Johnson & Johnson made huge profits by aggressively marketing its billion-dollar antipsychotic drug Risperdal to children and the elderly while allegedly manipulating data about male breast development, according to Steven Brill’s devastating 58,000-word “DocuSerial” published in the Huffington Post.
Free Risperdal Lawsuit Evaluation: If you or someone you know suffered from gynecomastia or other side effects of Risperdal use, you should contact our law firm immediately. You may be entitled to compensation by filing a suit against the manufacturer and our lawyers can help.
What’s the problem?
The story begins when the patent expired on J&J’s first antipsychotic drug, Haldol, sending the company’s sales plummeting as generics flooded the market. J&J released Risperdal (generic: risperidone) as a successor in 1994, with the FDA warning that it wasn’t necessarily better than the earlier drug and was primarily effective for treating schizophrenia in adults. But the company had its sights set on wider uses and bigger profits – It wanted a blockbuster with annual revenues of at least $1 billion.
So J&J reinvented Risperdal as a cure-all for everything from seniors with dementia to children with autism spectrum disorders (ASDs). The company also paid doctors handsome consulting fees and successfully lobbied to have Risperdal adopted as Texas’ first-line antipsychotic over generics. This meant the state paid $3,000 per year for each Medicaid patient using it, rather than $250 for each, according to Brill.
J&J then reached out to Omnicare, a company that provides pharmacy-related services to nursing homes and other long-term healthcare facilities. The companies arranged to have Omnicare doctors prescribe Risperdal, then J&J would kick back a portion of the profits to Omnicare.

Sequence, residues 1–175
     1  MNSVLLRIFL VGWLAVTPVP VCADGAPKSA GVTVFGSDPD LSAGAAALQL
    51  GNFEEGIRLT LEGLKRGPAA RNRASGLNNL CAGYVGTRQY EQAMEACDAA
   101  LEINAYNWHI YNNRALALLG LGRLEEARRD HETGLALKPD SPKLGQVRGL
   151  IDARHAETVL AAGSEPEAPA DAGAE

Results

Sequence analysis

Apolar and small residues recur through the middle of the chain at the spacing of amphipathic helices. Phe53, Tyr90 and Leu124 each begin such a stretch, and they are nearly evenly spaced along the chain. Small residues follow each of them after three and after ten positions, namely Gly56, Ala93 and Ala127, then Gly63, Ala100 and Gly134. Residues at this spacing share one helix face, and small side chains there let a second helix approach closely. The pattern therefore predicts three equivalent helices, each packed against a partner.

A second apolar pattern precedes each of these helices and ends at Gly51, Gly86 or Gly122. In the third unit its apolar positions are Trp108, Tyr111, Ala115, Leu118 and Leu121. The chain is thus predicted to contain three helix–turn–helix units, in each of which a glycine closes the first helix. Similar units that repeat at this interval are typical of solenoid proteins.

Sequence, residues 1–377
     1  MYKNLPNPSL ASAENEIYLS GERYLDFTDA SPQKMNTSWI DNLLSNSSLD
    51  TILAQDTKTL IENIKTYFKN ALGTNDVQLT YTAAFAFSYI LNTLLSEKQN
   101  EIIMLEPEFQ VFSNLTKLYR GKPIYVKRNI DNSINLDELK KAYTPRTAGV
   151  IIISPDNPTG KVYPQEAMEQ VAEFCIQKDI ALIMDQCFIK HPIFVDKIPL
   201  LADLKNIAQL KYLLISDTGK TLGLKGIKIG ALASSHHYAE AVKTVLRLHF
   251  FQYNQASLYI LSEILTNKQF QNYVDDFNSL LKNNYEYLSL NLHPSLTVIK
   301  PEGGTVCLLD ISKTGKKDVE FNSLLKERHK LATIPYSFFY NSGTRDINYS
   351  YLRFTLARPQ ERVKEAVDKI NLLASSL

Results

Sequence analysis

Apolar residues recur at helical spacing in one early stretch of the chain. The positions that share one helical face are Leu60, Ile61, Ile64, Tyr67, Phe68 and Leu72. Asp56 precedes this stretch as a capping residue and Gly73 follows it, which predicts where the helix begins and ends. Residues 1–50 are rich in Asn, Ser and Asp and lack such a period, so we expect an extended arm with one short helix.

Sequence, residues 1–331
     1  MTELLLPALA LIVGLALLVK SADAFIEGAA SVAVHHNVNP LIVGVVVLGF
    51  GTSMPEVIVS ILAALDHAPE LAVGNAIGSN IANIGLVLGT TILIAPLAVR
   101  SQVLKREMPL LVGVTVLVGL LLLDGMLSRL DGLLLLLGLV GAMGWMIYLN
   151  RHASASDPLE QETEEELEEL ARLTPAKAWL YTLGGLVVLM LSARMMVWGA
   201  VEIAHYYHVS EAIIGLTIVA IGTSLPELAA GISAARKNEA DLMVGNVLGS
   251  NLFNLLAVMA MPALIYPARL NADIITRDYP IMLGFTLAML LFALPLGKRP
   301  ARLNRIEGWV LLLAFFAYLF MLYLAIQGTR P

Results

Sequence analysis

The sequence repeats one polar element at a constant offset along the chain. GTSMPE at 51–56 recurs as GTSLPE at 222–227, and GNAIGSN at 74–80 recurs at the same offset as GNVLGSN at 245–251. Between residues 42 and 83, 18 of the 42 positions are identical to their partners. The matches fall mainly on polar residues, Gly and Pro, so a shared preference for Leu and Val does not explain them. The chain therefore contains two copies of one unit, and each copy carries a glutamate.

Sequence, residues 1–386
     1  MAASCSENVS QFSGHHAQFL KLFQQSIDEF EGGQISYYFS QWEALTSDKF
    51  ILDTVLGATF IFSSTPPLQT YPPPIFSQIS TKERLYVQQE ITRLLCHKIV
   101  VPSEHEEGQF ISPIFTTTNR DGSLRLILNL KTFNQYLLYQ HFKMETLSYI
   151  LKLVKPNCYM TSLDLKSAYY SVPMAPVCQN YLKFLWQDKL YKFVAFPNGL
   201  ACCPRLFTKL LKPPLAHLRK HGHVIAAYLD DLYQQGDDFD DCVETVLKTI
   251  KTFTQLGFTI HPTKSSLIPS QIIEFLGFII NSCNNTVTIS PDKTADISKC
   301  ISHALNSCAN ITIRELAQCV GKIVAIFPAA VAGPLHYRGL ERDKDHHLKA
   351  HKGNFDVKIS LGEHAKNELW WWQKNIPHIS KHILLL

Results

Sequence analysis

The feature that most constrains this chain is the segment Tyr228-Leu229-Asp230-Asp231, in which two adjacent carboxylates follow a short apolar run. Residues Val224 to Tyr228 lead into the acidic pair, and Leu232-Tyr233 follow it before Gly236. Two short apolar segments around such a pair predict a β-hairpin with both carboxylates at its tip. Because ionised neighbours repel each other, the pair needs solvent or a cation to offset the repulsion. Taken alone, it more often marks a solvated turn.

Even though the FDA had never approved Risperdal to treat the elderly, J&J formed a 136-person sales force called “ElderCare” to promote the drug to seniors. FDA protested the move, claiming there were “an excess number of deaths” in elderly patients who took Risperdal.
This seems to have mattered little to J&J, according to Brill; the company was reaping massive profits and the FDA was essentially powerless to stop it.
Then J&J set its sights on another forbidden market – children. Company sales reps began heavily promoting Risperdal to pediatricians, so that by 2000, over 20% of the drug produced was being prescribed to minors.
In 2003, J&J held a “back to school” Risperdal marketing campaign for which company employees discussed including “lollipops and small toys” in sample packs, according to Brill.
All of these tactics proved wonderfully successful, and by 2004 Risperdal was generating $3 billion annually. However, one small obstacle stood in the way of the drug’s progress – a J&J-funded study which found that 5.5% of boys who took Risperdal developed abnormal breast tissue growth, or gynecomastia. But according to internal documents quoted by Brill, the company buried this information and hid it from the public.
Brill concedes that Risperdal is a beneficial medication that helps many patients; however, he believes the drug was marketed too broadly and the system failed to protect consumers.
In the end, J&J may pay more than $6 billion to resolve litigation surrounding Risperdal, according to Brill. But he estimates the company profited $18 billion off the drug in the U.S. alone (plus an estimated $10 billion in sales abroad).
Do I Have a Risperdal Lawsuit?
The Product Liability & Defective Drug Litigation Group at our law firm is an experienced team of trial lawyers that focus on the representation of plaintiffs in Risperdal lawsuits. We are handling individual litigation nationwide and currently accepting new gynecomastia cases in all 50 states.
Free Confidential Case Evaluation: Again, if you developed male breast growth or other injury after using Risperdal, you should contact our law firm immediately. You may be entitled to compensation by filing a suit and our lawyers can help.